The bill is a step up from the proposal that Klein was reportedly considering because it doesn’t apply the 25 mph default speed limit only to smaller streets, and it doesn’t require community board approval to lower speed limits on wide arterial roads. But it does insert community boards into the process in other ways that could slow down implementation, and it also fails to clear the way for the rapid expansion of 20 mph zones that would be possible under an Assembly bill backed by Speaker Sheldon Silver.

Photo: NYC DOT

By introducing the bill now, Klein sets the stage for a vote on Thursday, the final day of the legislative session, before potentially ironing out differences with the Assembly in committee.

The new legislation would set a citywide default of 25 mph on city-controlled streets, which would encompass nearly all surface roads, with a few exceptions like Ocean Parkway.

But while the Assembly bill would let the city lower speed limits on specific streets to 20 mph with signage alone, a life-saving measure that’s been embraced by Paris and other cities, Klein’s bill keeps intact a requirement that DOT must also install traffic calming devices like speed humps on 20 mph streets. This will continue to stymie the kind of widespread application of 20 mph limits on residential streets that the City Council has recently called for.

The upshot is that 20 mph limits will likely remain restricted to areas in the Neighborhood Slow Zone program. Neighborhood Slow Zones, which cost up to $200,000 each, are set to be installed at a rate of about one per borough per year through 2016. Dozens of neighborhoods that apply for Slow Zones each year are denied.

Last week, Klein was talking about setting the speed limit based on the number of lanes on each street, and requiring community board approval before lowering the speed limit below 30 mph on the city’s most dangerous arterial streets with three or more lanes. Those provisions would have made it more difficult to implement the Arterial Slow Zone program, which reduces speed limits on the city’s most dangerous streets, and do not appear in the new bill.

Still, Klein’s legislation would set a precedent by adding community boards to speed limit law for the first time. The bill requires the city to give a 60-day notice for comment from local community boards before changing the speed limit by more than 5 mph. This will probably make the city more hesitant to propose lowering speed limits on specific streets by more than 5 mph.

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Unless Klein Acts Before Midnight, 25 MPH Bill Could Turn Into Pumpkin

Efforts to lower New York City’s default speed limit to 25 mph could live or die tonight, depending on whether Senate leadership steps up. The clock is ticking: If the Senate’s majority coalition doesn’t introduce a bill before midnight, it will likely require emergency action from the governor in order to be considered during this session. Advocates are asking Senate Co-Leader Jeff Klein to take action tonight.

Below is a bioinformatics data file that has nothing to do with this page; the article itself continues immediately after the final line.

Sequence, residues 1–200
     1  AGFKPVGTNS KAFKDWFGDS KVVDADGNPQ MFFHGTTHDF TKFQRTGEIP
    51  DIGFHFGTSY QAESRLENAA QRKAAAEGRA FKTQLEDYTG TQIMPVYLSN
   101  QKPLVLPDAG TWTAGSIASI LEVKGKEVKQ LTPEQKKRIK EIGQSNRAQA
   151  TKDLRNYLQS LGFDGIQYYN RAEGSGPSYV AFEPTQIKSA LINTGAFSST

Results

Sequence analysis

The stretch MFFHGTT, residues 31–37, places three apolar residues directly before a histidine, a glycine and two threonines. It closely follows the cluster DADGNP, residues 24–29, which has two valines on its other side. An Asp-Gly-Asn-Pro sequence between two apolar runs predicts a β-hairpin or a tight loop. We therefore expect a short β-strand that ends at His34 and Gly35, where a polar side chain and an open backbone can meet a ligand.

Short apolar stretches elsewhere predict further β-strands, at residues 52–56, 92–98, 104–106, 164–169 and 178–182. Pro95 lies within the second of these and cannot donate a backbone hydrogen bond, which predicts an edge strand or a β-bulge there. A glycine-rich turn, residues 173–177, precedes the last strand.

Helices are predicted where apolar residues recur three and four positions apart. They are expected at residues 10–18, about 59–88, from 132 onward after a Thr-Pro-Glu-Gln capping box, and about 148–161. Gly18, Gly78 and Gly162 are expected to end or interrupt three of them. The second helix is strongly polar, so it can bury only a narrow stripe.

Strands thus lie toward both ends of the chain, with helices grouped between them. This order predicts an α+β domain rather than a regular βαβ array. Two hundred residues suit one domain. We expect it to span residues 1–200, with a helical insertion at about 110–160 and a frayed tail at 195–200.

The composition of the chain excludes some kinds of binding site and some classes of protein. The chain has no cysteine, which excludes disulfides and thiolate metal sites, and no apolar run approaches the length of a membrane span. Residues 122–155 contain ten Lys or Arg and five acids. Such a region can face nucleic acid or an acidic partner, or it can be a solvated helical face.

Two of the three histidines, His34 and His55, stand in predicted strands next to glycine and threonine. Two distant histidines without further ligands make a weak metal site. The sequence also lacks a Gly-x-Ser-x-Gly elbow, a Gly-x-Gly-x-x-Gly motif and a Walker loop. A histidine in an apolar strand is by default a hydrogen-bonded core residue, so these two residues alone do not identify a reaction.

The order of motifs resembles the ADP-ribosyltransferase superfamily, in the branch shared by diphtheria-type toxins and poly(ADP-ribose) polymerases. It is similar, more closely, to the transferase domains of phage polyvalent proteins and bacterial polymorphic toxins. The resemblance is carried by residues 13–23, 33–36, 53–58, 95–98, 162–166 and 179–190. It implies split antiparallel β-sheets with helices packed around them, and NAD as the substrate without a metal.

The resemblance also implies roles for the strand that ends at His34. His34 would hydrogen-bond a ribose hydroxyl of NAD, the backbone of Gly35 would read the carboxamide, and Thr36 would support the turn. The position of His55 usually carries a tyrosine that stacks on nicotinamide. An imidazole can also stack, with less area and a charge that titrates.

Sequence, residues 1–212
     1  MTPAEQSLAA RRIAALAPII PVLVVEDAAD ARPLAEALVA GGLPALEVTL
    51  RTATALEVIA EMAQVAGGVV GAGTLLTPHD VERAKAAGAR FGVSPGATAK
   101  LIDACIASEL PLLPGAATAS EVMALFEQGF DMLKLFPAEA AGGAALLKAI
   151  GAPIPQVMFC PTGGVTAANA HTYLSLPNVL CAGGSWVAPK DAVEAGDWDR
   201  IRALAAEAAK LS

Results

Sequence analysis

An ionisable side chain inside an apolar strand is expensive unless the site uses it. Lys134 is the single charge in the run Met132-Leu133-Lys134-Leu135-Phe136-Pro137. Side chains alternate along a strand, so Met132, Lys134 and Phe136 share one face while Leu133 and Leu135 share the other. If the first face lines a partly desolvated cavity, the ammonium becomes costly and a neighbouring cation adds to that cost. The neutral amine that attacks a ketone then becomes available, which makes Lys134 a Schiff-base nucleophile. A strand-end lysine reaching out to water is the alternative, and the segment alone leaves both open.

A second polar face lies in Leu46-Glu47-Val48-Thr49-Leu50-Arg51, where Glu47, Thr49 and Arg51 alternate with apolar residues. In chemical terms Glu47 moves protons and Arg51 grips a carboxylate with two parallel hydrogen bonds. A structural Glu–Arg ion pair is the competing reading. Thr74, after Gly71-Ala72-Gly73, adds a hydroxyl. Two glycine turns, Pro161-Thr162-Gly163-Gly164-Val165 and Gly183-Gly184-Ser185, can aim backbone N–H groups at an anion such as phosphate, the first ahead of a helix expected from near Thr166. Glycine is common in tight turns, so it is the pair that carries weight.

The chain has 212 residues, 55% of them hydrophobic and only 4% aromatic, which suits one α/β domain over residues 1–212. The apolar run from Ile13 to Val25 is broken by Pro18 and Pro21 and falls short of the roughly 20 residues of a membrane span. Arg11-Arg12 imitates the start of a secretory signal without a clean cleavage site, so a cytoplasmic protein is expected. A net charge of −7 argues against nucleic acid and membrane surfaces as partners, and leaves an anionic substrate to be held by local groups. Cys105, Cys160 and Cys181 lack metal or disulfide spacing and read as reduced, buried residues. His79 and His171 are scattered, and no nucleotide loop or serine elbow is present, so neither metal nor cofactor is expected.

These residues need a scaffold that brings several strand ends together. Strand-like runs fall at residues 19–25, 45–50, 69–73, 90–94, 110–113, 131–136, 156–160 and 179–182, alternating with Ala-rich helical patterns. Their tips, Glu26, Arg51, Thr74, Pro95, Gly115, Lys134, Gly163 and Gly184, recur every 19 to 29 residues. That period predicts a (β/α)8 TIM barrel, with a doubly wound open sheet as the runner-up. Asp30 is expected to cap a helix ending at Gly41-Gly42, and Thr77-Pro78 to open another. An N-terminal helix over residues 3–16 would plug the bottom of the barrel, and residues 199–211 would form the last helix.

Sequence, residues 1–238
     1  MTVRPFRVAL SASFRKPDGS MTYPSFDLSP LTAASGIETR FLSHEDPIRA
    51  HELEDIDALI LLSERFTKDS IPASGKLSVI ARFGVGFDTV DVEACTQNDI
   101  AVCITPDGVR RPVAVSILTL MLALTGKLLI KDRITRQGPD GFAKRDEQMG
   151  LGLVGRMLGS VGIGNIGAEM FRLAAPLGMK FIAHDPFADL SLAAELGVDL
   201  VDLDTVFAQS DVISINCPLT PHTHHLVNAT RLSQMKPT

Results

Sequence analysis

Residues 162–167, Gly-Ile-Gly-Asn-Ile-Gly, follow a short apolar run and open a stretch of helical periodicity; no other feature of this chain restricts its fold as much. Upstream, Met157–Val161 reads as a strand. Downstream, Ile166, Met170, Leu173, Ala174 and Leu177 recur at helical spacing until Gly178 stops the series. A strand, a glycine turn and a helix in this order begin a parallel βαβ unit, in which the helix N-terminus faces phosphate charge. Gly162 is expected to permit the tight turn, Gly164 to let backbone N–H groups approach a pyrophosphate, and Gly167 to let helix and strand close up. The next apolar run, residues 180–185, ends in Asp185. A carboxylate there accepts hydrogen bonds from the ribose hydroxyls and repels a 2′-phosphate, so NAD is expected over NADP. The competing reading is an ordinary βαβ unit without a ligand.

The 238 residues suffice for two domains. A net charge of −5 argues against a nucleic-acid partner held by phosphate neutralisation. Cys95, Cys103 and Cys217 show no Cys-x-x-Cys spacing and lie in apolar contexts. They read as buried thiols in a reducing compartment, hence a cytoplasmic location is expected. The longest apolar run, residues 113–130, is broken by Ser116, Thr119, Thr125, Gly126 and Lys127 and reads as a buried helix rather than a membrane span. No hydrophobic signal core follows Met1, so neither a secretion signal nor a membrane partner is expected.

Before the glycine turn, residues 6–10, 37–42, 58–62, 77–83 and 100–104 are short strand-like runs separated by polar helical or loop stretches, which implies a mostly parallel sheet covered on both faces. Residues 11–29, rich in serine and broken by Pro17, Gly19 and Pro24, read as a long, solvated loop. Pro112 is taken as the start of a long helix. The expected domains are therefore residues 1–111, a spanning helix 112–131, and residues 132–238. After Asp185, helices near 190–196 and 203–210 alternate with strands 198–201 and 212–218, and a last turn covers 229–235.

The clock is ticking for Sen. Jeff Klein to introduce a 25 mph speed limit bill. Photo: NY Senate

Advocates are looking to Klein, who helped create and expand the city’s school zone speed camera program, to introduce a companion speed limit bill to Assembly legislation (A09731) backed by Speaker Sheldon Silver.

Last Wednesday, Klein told the Daily News that he would introduce a bill to lower the limit to 25 mph on streets with two lanes or less. But Klein’s plan also included a big step backward, by requiring community board approval before DOT could lower the speed limit on the city’s most dangerous arterial streets. Klein said he would introduce a bill by the end of last week. On Thursday, Mayor de Blasio’s team met with Klein about the speed limit, according to Newsday. So far, Klein has failed to put forward any legislation.

Unless the legislature convenes an emergency session later this year, the final day of business for lawmakers is Thursday. If Klein introduces his own bill after midnight tonight, it would require a “message of necessity” from Governor Cuomo, to skip the mandatory three-day period between when a bill is introduced and when it can receive a vote. Cuomo has issued these emergency messages before, usually for major legislative priorities. Klein could add his name to the existing Senate speed limit bill (S6496A), but that’s unlikely because the legislation would remain under the control of mainline Senate Democrats.

Transportation Alternatives is asking New Yorkers to call Senator Klein’s office at (518) 455-3595 and tweet him @JeffKleinNY to urge him to introduce a 25 mph bill in the Senate tonight.

Update: More than 500 people have contacted Klein today about the speed limit bill, according to TA.


NYC Bike-Ped Projects Get $21 Million in Federal Funds From State DOT

On Tuesday, Governor Cuomo announced that the state DOT is awarding $21.2 million in federal highway safety funds over three years to nine projects in New York City that all include big safety improvements for biking and walking. Advocates welcomed the news, but still have questions about whether the state is allocating enough money to active transportation projects statewide.

Concrete pedestrian islands on Fourth Avenue in Sunset Park just received millions in state funding, but advocates question if too many other projects are missing out. Image: NYC DOT

Concrete pedestrian islands on Fourth Avenue in Sunset Park just received millions in state funding, but advocates question if too many other projects are missing out. Rendering: NYC DOT

The New York City awards are:

  • $4 million for 1.3 miles of Atlantic Avenue between Georgia Avenue and Conduit Boulevard in Brooklyn. The project features median extensions at seven intersections, turn restrictions, and new street trees to slow driver speeds.
  • $900,000 for 2.4 miles of Bruckner Boulevard between Bronx River Avenue and East 132nd Street in the Bronx to establish what the governor’s press release calls “a north/south pedestrian and bicycle corridor.”